Ukraine: birthplace of nuclear science

When UFTI opened in 1928, Ioffe selected Leipunsky to join other, more senior members of the ‘Leningrad landing party.’ Kharkiv was then the capital of Ukraine and home to burgeoning machine tool and equipment industries. By his 30th birthday, the jovial and outgoing Leipunsky had become director of UFTI. He was considered a ‘Red [communist] Director’ because of his rapid promotion, owing to party membership. But he had earned the respect of his colleagues, who included two Nobel laureates, Peter Kapitsa and Lev Landau, for his penetrating analysis of the atomic nucleus. He was known affectionately by his initials, AIL, rather than the usual former name and patronymic.

Leipunsky’s arrival in Ukraine coincided with Stalin’s campaigns for the merciless industrialisation and collectivisation of agriculture. Kharkiv was in the centre of a fertile agricultural region where famine broke out because of collectivisation; several million people died. The Communist Party simultaneously carried out an attack on Ukrainian intellectuals:  writers, poets, painters and scientists accused of being ‘bourgeois nationalists.’ Within the walls of the institute, however, Landau, along with a future Nobel laureate, Lev Shubnikov, a low temperature specialist, Leipunsky and others conducted a world-class programme of theoretical, nuclear, and low temperature physics. In 1932, AIL and several other collaborators split a lithium atom just six months behind Ernst Rutherford’s team in Cambridge, England.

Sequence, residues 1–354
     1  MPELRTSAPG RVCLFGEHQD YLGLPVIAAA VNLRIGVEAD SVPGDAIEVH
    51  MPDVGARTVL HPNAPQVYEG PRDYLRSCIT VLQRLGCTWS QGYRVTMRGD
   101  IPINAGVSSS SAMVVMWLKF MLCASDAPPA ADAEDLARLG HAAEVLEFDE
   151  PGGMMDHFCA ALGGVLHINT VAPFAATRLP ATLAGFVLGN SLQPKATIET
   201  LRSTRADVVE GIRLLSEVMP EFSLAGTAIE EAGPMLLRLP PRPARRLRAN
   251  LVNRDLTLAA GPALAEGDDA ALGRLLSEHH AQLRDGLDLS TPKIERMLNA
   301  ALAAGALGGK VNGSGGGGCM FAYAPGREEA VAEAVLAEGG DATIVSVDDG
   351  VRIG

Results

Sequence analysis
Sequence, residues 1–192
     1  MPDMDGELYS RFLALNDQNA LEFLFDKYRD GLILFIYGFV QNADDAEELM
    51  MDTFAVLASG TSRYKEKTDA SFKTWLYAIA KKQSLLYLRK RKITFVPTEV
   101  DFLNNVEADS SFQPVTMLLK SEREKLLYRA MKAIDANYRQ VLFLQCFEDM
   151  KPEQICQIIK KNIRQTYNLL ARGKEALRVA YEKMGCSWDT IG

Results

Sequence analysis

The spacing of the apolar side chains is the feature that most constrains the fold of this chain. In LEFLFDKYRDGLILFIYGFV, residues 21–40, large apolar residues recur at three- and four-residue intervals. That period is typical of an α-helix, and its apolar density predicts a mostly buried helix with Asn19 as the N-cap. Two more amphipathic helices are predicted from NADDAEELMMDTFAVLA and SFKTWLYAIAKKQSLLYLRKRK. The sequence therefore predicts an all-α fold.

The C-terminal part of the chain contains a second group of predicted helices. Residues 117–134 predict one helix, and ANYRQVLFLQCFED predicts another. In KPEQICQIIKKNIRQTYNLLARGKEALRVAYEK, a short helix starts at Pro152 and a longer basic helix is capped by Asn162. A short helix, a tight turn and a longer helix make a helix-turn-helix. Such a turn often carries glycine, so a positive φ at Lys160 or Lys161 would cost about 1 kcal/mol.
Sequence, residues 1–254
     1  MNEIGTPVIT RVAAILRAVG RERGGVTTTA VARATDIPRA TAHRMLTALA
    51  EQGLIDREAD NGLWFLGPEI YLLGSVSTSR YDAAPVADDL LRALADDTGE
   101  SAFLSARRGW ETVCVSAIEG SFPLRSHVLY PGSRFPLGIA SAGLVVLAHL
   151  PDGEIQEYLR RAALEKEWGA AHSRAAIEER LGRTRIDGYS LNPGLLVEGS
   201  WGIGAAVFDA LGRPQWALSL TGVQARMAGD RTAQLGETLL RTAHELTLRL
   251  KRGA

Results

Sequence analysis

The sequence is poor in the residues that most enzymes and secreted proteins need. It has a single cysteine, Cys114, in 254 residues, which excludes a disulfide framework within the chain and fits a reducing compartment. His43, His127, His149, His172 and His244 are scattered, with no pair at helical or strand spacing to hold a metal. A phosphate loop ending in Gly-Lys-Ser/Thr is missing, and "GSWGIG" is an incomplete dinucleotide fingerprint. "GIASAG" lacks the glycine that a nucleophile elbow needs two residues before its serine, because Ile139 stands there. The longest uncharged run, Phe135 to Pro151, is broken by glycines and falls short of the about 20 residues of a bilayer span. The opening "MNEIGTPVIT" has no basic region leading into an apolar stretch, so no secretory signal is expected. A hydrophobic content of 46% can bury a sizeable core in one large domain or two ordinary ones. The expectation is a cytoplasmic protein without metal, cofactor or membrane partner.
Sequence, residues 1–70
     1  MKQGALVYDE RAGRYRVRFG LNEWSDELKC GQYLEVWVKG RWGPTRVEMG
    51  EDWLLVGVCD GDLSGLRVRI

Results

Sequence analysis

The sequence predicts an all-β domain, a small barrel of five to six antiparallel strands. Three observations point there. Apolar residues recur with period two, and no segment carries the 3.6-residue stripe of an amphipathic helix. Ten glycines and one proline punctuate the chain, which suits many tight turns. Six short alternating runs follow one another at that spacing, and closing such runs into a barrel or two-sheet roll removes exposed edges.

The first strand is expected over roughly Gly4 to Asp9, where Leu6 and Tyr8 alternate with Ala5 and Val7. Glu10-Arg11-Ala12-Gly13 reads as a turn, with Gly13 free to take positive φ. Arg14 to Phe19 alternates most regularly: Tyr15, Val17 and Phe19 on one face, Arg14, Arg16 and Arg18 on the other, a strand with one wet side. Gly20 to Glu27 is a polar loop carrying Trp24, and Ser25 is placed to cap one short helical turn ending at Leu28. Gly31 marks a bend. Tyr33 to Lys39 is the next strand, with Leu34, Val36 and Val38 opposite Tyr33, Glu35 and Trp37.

Autarky – the drive for economic independence from the West under Stalinism – would have an impact on science. But at first, the Communist Party welcomed foreign specialists to Kharkiv, even funding the publication in German of an institute physics journal. In 1933, the physicists held the first All-Union Nuclear Conference, attended by such well-known foreign specialists as Niels Bohr. Leipunsky himself presented a paper entitled Nuclear Fission. The conference gave impetus to the creation of the Commission for the Study of Nuclei, whose members included Leipunsky. Later, Viktor Weisskopf, future director of CERN; Rudolph Peierls, the German-born British specialist who played a major role in Tube Alloys; Lazslo Tisza and Fritz Houtermans; and Irene and Frederic Joliot-Curie all visited the institute. Leipunsky travelled to Germany and to the Cavendish Laboratory in Cambridge, England where he was likely the first in the world to perform an experiment to prove the existence of neutrinos.